When enterprise IT users need a specialized app to get their work done, they typically must ask the IT department to build it for them – and then wait until it is completed.
In the last few years, that task got easier as vendors began springing up with no-code app platforms which allowed non-developers to click and assemble basic apps using web-based portals or on-premises applications to build their custom apps.
Metavine GO seeks to move that progress forward with its latest no-coding app building platform that allows apps to be created within private or public clouds, giving employees in businesses from small to large the ability to build their apps with the highest levels of privacy and security.
The platform is a zero-code app building platform with a cloud-first focus which allows businesses to take advantage of their entire IT infrastructure, Steve Terlizzi, the vice president of strategy and markets for the company, told ITPro.
"Metavine allows you to build enterprise-class apps where you specify the data structure within the platform of legacy infrastructure or a SaaS environment and we bring it together in one view," while maintaining data integrity, security, compliance and access to legacy applications, said Terlizzi. "When you are developing your app, all the data in your company looks like one unified data pool" within Metavine GO.
Legacy applications from SAP can be used with Metavine GO using an installed client that can access SAP APIs and communicate back to Metavine, he said.
"Not everyone can code, but everyone can solve problems," Terlizzi said of business users. "That's what they want to do, they want to solve problems. They don't necessarily want to code."
Examples of such no-code projects might include apps that can customize reporting from Microsoft Excel spreadsheets instead of requiring lots of manual intervention, as well as for needed conducting tasks with SaaS data.
Metavine calls the IT users who use their tools "citizen developers," who want to create what they need simply and quickly, without the delayed intervention of the IT department inside their companies. And even after building the apps they seek, they can create other tools with Metavine GO which allow them to see inside the cloud infrastructure where they are working.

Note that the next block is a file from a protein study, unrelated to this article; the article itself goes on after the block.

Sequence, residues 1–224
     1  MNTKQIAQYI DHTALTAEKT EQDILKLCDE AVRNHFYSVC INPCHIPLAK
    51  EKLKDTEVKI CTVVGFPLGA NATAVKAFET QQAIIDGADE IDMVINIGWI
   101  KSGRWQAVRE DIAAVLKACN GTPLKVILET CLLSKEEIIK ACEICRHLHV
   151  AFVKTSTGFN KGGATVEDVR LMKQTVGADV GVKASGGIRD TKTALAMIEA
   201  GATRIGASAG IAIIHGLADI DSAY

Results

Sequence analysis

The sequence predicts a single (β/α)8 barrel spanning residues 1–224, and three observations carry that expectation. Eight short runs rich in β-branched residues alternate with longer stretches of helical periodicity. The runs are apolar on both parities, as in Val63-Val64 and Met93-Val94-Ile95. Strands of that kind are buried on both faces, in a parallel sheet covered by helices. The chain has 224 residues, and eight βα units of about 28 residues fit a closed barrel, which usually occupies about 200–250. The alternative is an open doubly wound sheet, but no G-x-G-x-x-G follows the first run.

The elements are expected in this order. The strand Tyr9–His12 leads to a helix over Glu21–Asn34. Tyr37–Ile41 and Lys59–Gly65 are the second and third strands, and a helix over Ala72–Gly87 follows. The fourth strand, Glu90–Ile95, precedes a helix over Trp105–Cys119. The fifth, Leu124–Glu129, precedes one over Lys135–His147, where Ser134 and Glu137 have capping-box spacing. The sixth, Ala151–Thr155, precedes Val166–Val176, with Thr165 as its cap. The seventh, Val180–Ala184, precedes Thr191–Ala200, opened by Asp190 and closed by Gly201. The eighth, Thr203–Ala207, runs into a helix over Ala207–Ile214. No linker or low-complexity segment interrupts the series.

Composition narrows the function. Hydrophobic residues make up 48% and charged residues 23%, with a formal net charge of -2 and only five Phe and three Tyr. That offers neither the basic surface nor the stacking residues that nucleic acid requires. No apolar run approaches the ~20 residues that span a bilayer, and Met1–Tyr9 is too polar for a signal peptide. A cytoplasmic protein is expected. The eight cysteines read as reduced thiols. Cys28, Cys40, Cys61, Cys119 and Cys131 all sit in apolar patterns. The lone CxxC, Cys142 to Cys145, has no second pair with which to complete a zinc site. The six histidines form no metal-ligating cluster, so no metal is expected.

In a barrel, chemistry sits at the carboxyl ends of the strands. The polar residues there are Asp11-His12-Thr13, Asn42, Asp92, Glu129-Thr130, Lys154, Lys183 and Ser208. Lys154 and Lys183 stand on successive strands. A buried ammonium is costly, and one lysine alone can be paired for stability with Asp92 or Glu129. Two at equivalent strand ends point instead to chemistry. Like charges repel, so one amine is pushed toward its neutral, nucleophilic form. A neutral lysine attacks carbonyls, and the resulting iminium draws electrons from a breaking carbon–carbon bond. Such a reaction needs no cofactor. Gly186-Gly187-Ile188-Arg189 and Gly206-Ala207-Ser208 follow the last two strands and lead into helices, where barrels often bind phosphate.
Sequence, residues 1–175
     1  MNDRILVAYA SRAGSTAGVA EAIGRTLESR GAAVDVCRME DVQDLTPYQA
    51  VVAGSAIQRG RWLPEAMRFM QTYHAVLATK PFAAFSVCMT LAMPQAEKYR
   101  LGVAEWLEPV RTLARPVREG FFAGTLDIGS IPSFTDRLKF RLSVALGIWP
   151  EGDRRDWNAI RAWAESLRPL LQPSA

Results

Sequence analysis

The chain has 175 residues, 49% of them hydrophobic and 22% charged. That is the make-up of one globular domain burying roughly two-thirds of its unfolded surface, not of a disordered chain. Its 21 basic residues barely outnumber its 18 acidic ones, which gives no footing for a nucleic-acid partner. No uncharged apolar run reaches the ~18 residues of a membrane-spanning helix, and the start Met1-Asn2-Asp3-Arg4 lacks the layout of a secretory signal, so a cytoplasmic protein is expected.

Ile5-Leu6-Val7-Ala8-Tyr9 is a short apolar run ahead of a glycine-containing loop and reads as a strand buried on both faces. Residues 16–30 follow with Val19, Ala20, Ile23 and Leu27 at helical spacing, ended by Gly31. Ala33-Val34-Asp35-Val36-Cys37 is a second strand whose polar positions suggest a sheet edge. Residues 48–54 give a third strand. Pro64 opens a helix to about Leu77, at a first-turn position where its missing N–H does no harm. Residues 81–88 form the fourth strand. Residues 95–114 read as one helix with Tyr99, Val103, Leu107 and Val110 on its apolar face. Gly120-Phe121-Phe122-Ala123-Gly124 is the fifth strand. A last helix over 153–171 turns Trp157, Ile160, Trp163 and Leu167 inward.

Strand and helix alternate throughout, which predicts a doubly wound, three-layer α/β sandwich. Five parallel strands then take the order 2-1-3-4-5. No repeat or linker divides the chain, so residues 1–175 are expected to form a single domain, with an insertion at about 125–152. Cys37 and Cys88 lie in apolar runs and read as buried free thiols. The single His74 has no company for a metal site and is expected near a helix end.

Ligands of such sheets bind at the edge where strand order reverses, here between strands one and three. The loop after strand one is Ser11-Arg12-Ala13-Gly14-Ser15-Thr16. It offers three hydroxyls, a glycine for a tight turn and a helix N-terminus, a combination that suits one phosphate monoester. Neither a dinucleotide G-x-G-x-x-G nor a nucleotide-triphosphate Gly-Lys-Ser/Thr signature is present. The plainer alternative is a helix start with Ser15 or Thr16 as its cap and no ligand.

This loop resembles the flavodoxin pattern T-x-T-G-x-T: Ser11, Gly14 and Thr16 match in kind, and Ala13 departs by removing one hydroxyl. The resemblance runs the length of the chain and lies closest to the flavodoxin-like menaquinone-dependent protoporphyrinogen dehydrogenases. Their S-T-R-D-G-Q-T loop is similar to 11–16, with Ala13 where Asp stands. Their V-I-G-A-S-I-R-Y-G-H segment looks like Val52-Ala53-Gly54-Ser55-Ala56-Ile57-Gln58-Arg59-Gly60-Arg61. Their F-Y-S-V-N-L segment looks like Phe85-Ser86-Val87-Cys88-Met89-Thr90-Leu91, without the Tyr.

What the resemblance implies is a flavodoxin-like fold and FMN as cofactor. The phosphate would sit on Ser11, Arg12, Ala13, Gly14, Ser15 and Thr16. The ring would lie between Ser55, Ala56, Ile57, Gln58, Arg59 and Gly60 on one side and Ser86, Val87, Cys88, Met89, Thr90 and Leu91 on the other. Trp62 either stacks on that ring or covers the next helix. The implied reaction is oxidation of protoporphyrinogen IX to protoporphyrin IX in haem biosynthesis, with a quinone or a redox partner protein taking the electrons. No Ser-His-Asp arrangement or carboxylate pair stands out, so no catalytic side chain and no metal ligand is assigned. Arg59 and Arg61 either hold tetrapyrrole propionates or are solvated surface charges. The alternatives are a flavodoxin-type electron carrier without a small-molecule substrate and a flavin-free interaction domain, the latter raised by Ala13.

"No additional copies of the data are required, so everything secure in the cloud infrastructure," said Terlizzi.
The free version of the product includes tools to build dashboards, forms and workflows, while the paid version expands the creative capabilities of users. The public beta of the platform began on Nov. 7 and is expected to last about 60 days before going into general release, according to Terlizzi.
The latest Metavine GO releases also allow users to create microservices the company calls "gadgets," which includes dashboards of charts and gauges that can show key performance indicators and workflows. Using the platform, which is HIPAA-compliant, organizations can keep their databases updated reliably, while providing data access locally to legacy infrastructures as well.
"While some other tools allow citizen developers to create apps on their own, too often the results are opportunistic, with little thought to scalability or longevity and missing adherence to the corporate standards or compliance," said Terlizzi. With Metavine GO, companies can "gain real opportunity and value from their citizen developers while driving an effective partnership between IT and citizen developers."